Final year module
Throughout the Member States of the European Union, regional governments are increasingly finding new opportunities to participate in policy-making and implementation. In part this reflects the changing institutional structure of the EU itself, but it also reflects the changing nature of the relationship between the nation-state and its constituent parts. The form of intergovernmental relations between actors is evolving, not least in response to changing ideas on what constitutes ‘good governance’.
This module examines the territorial impact of adaptation at the supranational and national levels on regional level actors. This examination draws on the current debate within the UK, where national pressures for devolved administrations in Scotland, Wales and the English regions have impacted on interaction between the central government, the European level and the regional bodies. Comparative lessons for the UK will be drawn by considering the range of territorial structures in other countries such as Belgium, Germany, Italy, Spain and Austria. The overall implications of the growing move to devolution and regionalism will be brought together in assessing the future shape of the EU and the role of regions as multilevel governance actors within it. .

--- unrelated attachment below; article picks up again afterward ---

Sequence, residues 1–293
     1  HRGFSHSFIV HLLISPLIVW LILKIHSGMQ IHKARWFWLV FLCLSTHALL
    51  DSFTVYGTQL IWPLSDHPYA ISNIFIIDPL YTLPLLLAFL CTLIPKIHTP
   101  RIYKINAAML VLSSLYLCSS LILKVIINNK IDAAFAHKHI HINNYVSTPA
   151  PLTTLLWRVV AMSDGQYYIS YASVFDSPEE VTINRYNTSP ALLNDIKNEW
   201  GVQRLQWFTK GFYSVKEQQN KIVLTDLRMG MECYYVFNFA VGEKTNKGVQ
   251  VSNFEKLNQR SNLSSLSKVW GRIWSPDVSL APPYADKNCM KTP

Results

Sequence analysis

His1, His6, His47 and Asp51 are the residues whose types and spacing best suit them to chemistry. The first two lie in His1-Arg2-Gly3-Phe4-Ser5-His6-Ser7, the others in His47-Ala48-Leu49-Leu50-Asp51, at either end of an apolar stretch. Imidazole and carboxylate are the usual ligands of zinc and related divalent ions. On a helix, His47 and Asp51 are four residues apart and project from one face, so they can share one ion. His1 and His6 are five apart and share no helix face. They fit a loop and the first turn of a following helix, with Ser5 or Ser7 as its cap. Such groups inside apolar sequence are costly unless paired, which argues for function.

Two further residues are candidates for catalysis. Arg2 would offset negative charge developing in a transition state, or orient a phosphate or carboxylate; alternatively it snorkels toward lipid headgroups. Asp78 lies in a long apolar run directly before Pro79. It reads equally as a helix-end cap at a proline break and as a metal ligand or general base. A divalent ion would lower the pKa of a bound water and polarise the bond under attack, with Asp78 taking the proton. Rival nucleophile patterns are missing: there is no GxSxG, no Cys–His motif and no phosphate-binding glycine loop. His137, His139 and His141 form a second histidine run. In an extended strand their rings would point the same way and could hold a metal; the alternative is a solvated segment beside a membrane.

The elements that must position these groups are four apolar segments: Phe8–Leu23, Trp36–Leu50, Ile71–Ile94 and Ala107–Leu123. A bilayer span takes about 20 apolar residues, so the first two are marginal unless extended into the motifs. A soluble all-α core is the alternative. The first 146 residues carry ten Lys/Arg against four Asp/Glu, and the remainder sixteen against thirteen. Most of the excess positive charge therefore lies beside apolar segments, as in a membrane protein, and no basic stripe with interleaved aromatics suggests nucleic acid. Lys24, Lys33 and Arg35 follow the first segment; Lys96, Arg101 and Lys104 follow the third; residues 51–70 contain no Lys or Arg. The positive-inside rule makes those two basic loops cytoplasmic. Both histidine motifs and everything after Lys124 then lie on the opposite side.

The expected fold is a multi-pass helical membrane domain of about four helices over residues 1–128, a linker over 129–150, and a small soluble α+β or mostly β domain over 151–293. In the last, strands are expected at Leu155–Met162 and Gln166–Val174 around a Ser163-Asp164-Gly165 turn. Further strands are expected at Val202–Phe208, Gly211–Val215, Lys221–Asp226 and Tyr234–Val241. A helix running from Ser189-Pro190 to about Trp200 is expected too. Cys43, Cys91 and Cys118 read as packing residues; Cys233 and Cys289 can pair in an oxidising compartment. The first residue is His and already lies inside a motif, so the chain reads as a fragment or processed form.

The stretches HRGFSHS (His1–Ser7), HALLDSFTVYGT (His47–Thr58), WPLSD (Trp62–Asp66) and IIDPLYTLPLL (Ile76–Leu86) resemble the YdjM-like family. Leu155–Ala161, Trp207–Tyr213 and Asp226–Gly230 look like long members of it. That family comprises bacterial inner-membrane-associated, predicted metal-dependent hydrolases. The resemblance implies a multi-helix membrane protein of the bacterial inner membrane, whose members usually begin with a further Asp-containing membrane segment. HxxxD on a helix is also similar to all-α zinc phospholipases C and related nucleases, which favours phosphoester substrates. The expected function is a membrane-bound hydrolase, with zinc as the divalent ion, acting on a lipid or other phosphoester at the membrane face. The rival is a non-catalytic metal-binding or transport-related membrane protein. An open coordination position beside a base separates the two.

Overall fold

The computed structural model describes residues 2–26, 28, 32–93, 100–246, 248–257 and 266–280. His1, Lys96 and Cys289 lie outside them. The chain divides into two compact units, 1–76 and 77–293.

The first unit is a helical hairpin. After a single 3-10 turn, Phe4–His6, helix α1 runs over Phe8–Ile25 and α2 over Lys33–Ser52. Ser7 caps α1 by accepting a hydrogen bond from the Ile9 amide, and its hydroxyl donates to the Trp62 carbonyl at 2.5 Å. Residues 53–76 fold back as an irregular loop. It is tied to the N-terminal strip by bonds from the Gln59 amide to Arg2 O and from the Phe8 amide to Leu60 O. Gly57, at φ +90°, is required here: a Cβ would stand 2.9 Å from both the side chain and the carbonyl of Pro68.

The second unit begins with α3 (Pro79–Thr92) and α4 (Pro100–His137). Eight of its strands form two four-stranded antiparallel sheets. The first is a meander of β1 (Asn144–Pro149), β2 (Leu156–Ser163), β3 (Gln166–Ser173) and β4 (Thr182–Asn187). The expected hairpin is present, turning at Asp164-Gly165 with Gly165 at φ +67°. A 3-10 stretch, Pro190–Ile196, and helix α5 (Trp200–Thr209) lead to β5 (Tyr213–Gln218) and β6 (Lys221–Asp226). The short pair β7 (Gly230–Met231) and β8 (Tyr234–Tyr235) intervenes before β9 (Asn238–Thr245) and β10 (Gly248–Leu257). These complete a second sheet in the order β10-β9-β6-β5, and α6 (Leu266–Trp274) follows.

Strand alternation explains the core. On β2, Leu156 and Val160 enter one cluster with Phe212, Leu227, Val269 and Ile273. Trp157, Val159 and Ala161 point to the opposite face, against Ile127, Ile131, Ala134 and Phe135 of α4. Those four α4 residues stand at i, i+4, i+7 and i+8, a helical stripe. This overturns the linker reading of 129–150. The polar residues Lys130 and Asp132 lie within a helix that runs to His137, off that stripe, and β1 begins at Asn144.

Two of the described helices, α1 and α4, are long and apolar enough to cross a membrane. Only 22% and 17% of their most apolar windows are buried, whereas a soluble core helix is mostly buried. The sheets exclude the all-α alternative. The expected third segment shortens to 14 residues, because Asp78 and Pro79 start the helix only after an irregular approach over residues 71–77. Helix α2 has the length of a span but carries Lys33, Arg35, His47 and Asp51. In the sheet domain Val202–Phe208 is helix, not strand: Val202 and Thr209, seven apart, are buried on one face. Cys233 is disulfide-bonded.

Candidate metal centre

By the end of the module the student should be able to:
To give a broad introduction to issues and ideas concerning devolution, territorial politics and the role of regional actors in EU policymaking
To promote awareness of the development of UK devolution, providing insights and lessons from the territorial politics of the constituent parts of the UK and other EU Member States
On the basis of comparative practical policy analysis, to develop an understanding of the inter-relationships between regional, national and supranational governance structures
To explore the role and significance of regional governments in the UK and elsewhere in the EU on debates about the future of Europe
1 x 3000 word assessed work (40%)
1 x 4000 word assessed work (50%)